|Place of origin
|Region or state
||Meat (chicken meat, beef, or lamb), rice, curry
Mulligatawny (from Tamil மிளகு தண்ணீர்)// is a curry-flavoured soup of Anglo-Indian origin.
Translated literally from Tamil, "Mulligatawny" or "Milagu thanni" means "pepper water" ("Millagu" means pepper and "thanni" means water). The dish the Anglo-Indians call "pepper water" is actually closer to Tamil ரசம்-rasam (pronounced russ-um) than "mulligatawny".
There are many variations on the recipe for mulligatawny. In the West, the soup typically has a turmeric-like yellow colour and chicken meat, beef, or lamb meat. Often it is thickened with rice.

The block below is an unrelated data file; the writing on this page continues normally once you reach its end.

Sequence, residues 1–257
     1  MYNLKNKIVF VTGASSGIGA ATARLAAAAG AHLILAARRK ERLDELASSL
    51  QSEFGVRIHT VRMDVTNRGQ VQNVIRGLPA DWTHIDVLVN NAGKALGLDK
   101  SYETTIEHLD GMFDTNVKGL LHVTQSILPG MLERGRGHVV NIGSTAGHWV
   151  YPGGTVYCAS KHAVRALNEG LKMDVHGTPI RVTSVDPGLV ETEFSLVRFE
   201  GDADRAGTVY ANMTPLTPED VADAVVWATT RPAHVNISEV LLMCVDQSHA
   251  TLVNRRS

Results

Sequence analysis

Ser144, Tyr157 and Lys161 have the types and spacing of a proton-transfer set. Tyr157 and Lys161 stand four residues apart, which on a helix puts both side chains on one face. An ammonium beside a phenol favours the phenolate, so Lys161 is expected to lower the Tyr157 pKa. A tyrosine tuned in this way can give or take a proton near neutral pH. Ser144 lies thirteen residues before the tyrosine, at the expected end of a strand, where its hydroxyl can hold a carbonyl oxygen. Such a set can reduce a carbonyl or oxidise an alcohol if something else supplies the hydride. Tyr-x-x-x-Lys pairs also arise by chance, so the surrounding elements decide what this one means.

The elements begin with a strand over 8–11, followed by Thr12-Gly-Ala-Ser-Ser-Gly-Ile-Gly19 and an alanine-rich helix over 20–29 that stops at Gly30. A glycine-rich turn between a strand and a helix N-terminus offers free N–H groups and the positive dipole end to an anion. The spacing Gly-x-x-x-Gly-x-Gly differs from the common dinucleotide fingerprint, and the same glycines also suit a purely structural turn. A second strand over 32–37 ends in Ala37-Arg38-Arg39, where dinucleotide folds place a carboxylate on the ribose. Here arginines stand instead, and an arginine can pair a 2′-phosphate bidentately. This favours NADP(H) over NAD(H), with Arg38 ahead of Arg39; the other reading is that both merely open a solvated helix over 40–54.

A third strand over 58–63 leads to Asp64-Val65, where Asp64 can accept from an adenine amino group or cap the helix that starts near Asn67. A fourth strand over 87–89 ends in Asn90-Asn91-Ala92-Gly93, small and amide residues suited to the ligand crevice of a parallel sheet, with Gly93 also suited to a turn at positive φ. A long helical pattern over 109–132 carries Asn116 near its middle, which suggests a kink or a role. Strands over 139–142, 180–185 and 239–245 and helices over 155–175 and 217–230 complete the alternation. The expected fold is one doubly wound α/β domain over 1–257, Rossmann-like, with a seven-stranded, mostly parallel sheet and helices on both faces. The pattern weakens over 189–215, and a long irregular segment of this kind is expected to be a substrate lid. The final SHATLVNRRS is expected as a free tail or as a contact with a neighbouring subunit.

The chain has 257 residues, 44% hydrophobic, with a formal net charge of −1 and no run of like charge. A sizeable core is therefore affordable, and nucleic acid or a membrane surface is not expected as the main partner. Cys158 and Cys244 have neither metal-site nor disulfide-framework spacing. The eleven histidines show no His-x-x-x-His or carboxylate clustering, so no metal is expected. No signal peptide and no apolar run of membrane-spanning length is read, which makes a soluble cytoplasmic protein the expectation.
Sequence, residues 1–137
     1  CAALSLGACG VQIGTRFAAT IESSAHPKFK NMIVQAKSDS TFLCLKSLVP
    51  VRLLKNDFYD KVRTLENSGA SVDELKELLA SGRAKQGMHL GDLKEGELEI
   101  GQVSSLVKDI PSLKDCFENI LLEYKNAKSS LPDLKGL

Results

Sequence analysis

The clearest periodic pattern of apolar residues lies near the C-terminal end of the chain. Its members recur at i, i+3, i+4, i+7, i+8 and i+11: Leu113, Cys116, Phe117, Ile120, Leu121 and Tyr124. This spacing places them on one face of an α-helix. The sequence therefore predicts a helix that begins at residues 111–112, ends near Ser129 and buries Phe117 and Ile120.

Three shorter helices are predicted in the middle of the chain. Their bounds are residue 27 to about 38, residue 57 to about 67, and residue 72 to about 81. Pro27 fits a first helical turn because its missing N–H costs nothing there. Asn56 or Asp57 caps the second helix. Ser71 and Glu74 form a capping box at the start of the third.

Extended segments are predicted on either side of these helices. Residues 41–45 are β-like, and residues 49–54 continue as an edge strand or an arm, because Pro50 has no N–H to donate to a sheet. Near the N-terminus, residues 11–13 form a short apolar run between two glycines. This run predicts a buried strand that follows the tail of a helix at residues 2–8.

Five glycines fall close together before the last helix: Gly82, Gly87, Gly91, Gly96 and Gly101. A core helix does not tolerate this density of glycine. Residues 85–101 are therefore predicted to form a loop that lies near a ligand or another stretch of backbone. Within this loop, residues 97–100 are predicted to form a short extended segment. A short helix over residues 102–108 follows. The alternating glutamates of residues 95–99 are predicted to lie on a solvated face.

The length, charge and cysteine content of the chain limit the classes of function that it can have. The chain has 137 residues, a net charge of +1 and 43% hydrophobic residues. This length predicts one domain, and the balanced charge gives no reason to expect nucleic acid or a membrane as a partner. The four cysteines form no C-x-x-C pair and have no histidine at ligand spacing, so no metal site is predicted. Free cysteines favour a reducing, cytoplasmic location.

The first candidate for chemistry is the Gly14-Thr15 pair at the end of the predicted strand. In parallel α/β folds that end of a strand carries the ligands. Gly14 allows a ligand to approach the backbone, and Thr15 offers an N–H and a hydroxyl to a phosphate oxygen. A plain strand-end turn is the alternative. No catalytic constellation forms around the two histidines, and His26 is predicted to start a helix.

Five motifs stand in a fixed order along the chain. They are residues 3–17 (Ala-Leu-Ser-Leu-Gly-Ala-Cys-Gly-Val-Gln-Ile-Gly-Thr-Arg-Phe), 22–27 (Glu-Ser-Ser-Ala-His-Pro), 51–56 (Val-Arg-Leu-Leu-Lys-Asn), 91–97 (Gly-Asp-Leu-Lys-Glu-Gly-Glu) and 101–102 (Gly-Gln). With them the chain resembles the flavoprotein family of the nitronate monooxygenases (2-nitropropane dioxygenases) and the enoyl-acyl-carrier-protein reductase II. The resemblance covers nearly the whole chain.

- Dr. Seuss used the term to refer to a fanciful creature in his book If I Ran the Zoo. The young zookeeper wannabe says, “I’ll capture them wild and I’ll capture them scrawny, I’ll capture a scraggle-foot mulligatawny.”
- In Tom Stoppard's play Indian Ink, two characters compete to use as many English words of Indian origin, as listed in the Hobson-Jobson glossary, as possible. One line reads: "I was buying chutney in the bazaar when a thug who had escaped from the chokey ran amok and killed a box-wallah for his loot, creating a hullabaloo and landing himself in the mulligatawny".
- Mulligatawny was featured in the hit American sitcom Seinfeld in episode 116 entitled "The Soup Nazi". Jerry, George and Elaine go out to a new soup stand Kramer has been raving about; its owner is referred to as the "Soup Nazi", due to his temperament and insistence on a strict manner of behavior while ordering. The episode repeatedly describes mulligatawny as one of the Soup Nazi's tastiest soups.